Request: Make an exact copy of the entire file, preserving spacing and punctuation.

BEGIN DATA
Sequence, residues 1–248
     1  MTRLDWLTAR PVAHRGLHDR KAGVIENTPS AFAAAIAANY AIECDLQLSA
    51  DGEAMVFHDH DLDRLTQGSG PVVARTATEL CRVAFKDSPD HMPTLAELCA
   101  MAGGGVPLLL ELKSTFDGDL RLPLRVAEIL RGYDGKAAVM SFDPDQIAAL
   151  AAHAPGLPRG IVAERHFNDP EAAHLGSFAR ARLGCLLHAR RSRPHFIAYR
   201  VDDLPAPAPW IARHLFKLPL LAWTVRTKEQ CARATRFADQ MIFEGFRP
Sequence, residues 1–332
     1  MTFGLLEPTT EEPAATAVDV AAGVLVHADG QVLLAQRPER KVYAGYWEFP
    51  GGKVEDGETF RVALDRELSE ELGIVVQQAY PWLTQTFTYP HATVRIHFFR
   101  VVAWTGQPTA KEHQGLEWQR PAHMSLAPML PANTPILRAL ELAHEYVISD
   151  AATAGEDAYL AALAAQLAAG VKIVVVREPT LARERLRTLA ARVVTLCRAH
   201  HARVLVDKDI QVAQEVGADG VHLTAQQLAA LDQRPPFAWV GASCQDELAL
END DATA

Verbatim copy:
Sequence, residues 1–248
     1  MTRLDWLTAR PVAHRGLHDR KAGVIENTPS AFAAAIAANY AIECDLQLSA
    51  DGEAMVFHDH DLDRLTQGSG PVVARTATEL CRVAFKDSPD HMPTLAELCA
   101  MAGGGVPLLL ELKSTFDGDL RLPLRVAEIL RGYDGKAAVM SFDPDQIAAL
   151  AAHAPGLPRG IVAERHFNDP EAAHLGSFAR ARLGCLLHAR RSRPHFIAYR
   201  VDDLPAPAPW IARHLFKLPL LAWTVRTKEQ CARATRFADQ MIFEGFRP
Sequence, residues 1–332
     1  MTFGLLEPTT EEPAATAVDV AAGVLVHADG QVLLAQRPER KVYAGYWEFP
    51  GGKVEDGETF RVALDRELSE ELGIVVQQAY PWLTQTFTYP HATVRIHFFR
   101  VVAWTGQPTA KEHQGLEWQR PAHMSLAPML PANTPILRAL ELAHEYVISD
   151  AATAGEDAYL AALAAQLAAG VKIVVVREPT LARERLRTLA ARVVTLCRAH
   201  HARVLVDKDI QVAQEVGADG VHLTAQQLAA LDQRPPFAWV GASCQDELAL